Governor General's Literary Award winner Don Gillmor writes about losing his brother to the Yukon River

Gillmor's memoir To the River tells the story of his brother's death by suicide.
To the River is a memoir by Don Gillmor. (Ryan Szulc, Random House Canada)

The Yukon River runs from Whitehorse to the west coast of Alaska and it was near the start of that river that David Gillmor's life came to an end. After David's death, his brother Don Gillmor travelled to Whitehorse to reconstruct those final days.

Gillmor wrote about this trip in the book, To the Riverwhich won the 2019 Governor General's Literary Award for nonfiction. In it, he writes about his quest to understand David's death and the growing number of suicides among baby boomers.

Gillmor spoke to CBC's Metro Morning about his book in January of 2019.

Remembering David

"David was an extraordinary musician. He was one of those guys who could pick up any instrument and, in a couple of hours, he could figure it out and get something out of it. He was also one of those relentlessly social people. As a kid, he could never be alone and, as an adult, he almost never was alone. He was an incredibly outgoing guy. He kept his musician experience well into his 40s. He played late and slept late.

You could see that he was able to compartmentalize and present versions of himself to different people.- Don Gillmor

"When I was up there I was talking to all kinds of people — bands he'd played in, people he knew. One of the things that was interesting was that I'd talk to people who'd known him for a decade and they'd have a completely different perspective from the next person I'd talk to. Someone would say he was clean and sober and happy. The next person would say he was neither of these things and he was very unhappy. You could see that he was able to compartmentalize and present versions of himself to different people. It was hard to get past all that and find what was at the core."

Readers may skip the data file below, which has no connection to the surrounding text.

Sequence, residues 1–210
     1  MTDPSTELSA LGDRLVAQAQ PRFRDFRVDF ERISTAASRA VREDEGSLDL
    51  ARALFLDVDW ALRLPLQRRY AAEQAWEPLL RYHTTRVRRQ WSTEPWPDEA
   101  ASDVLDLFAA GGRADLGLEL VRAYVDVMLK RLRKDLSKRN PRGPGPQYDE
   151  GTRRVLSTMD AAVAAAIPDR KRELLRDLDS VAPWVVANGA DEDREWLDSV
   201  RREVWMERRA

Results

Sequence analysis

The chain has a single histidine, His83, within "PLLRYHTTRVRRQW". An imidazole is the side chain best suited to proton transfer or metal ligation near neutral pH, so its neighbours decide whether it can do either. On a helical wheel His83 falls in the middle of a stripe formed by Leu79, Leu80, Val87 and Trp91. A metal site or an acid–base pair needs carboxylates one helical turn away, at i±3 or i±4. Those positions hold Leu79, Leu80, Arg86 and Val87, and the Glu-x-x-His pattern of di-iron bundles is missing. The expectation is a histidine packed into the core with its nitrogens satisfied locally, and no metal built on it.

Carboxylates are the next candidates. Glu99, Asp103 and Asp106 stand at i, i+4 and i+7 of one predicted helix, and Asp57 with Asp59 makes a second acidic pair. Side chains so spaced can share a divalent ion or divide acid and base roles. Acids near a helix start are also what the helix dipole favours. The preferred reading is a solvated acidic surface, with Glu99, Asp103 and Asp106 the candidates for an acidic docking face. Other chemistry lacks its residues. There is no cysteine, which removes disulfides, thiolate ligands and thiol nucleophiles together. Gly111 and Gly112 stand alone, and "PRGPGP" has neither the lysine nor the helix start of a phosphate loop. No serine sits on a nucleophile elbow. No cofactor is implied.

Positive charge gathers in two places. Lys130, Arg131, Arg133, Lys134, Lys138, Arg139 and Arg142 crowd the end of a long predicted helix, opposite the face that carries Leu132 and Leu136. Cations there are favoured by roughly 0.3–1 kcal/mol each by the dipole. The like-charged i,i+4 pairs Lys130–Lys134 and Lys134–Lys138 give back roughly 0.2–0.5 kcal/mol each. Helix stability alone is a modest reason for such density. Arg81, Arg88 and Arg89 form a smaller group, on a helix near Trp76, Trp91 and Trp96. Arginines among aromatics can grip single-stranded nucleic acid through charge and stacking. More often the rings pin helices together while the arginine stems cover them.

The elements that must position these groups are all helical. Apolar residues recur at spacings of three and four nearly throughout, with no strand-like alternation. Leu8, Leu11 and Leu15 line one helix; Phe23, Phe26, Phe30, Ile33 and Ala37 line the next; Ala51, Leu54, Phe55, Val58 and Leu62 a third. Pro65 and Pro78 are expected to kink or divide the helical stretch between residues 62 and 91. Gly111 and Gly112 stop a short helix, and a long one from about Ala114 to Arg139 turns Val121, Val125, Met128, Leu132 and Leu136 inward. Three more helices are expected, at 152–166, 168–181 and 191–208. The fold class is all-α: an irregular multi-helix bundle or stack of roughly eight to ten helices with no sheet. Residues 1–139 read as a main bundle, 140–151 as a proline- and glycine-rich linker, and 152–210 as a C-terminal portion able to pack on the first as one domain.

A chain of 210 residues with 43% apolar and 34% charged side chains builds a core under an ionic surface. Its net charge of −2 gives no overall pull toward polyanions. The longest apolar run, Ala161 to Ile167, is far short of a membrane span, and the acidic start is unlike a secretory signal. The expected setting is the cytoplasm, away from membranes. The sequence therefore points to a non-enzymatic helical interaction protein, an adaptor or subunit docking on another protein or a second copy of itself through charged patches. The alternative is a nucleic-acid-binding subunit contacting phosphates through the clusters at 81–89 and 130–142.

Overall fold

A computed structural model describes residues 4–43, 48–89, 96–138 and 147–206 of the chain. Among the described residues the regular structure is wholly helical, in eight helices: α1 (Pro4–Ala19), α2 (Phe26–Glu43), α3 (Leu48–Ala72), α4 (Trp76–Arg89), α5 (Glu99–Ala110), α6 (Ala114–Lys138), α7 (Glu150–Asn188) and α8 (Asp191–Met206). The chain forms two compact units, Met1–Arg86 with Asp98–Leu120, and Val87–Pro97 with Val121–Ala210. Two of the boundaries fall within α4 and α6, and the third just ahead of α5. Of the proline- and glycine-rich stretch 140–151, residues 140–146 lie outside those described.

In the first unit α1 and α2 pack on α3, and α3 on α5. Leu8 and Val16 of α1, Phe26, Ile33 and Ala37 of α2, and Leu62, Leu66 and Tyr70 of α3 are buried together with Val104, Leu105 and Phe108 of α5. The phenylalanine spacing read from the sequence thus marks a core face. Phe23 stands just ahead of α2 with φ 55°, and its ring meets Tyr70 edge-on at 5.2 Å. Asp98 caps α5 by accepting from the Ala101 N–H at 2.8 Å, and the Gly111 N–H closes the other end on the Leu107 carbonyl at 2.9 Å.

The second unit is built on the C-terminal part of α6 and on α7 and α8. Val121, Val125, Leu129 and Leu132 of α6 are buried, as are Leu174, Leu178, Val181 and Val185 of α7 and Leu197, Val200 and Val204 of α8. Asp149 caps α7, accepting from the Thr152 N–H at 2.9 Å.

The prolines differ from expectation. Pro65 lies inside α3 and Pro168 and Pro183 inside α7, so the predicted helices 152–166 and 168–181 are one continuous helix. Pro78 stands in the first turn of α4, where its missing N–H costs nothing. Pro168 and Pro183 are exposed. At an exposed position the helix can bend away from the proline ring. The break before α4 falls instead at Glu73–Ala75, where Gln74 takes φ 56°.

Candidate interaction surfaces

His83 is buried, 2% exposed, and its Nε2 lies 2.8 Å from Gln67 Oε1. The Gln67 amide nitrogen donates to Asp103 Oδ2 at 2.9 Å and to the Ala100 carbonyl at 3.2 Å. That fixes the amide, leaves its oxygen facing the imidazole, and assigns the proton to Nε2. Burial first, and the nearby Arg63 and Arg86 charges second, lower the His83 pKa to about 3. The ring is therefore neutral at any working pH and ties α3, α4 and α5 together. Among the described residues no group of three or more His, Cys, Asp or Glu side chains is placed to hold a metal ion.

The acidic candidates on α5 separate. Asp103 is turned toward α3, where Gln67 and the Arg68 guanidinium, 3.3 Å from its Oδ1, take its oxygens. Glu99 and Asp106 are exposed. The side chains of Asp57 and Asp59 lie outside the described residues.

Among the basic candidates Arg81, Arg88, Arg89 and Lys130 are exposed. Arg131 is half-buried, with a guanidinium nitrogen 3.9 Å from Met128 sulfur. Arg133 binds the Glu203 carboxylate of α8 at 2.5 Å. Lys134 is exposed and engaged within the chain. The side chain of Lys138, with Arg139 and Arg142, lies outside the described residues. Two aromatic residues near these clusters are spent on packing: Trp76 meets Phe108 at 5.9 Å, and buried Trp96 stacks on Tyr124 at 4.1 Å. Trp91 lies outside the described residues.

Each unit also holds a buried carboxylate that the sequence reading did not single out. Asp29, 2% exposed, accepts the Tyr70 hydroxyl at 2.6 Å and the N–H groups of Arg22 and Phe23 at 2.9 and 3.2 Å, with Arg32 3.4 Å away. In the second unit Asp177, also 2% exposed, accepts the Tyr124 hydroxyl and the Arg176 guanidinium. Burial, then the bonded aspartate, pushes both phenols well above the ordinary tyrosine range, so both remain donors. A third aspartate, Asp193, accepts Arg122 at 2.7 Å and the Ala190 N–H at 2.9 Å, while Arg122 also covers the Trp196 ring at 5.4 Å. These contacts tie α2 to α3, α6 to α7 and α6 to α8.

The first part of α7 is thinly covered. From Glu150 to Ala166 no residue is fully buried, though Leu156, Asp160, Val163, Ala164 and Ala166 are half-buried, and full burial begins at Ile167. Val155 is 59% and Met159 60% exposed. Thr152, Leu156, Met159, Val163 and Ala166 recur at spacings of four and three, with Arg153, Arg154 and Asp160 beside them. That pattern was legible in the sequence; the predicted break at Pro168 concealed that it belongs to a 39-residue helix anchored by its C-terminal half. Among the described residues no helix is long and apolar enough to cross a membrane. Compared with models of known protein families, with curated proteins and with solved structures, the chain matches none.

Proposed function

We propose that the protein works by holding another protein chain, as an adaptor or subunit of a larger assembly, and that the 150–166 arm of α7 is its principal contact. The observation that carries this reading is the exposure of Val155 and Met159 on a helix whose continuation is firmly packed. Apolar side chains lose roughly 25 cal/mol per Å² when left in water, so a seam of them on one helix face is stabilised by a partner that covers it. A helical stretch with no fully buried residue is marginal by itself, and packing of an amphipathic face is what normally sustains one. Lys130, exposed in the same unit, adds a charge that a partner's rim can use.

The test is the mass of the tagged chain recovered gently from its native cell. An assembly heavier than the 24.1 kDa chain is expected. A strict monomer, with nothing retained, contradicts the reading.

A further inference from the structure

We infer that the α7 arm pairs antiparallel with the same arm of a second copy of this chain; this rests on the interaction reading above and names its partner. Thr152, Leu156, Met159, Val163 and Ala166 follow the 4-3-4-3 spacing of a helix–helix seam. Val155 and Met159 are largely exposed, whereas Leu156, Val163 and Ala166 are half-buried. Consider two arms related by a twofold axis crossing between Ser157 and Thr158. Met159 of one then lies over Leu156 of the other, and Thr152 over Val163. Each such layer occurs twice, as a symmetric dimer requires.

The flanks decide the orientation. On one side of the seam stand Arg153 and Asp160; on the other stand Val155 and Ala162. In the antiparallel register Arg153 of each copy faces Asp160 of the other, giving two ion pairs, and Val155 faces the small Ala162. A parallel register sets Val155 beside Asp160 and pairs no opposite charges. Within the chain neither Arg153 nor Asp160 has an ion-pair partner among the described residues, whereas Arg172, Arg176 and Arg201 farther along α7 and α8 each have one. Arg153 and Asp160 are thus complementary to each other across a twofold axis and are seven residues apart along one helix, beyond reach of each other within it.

Childhood memories

"I remember at one point we'd gone to see a prison movie when we were kids. I was 12, my cousin Peter was 12 and my brother was 10. We got back to my grandmother's house and we thought we'd reenact the movie, so we tied bedsheets together to a cot in the sun-room on the second floor. We lowered my 10-year-old brother out the window. The sheets weren't long enough, just as it hadn't been in the movie, actually. He was dangling from the sheets and my grandmother was in the living room serving tea to a group of Presbyterians. There was my brother, dangling into view, hanging onto this sheet.

He couldn't hang on so he sort of swayed in front of these church ladies, descended from heaven.- Don Gillmor

"We couldn't pull him up because we didn't have the strength. He couldn't hang on so he swayed in front of these church ladies, descended from heaven and finally let go. He landed in my grandmother's flowers. She was a flinty, old Scot. She came out and yelled at him for ruining her flowers, as opposed to finding out whether he was hurt. Our parents gave us this lecture, which always started with, 'What were you thinking?'"

No firm answers

"I wrote a piece in The Walrus about my brother's death and I thought it would get it out of my system. It didn't happen that way. I kept gravitating back to literature on suicide and trying to figure this out. Every suicide leaves that question: Why did they do it? I think a lot of people that are left behind end up pursuing that question, even though there's often no rational answer. We want to get closer to finding out what happened.

Every suicide leaves that question: Why did they do it?- Don Gillmor

"There were no firm answers. But I did get much closer and I think I came to a much better understanding of him and why he took his own life, as well as a better understanding of other people who have taken their own lives."

Don Gillmor's comments have been edited for length and clarity.


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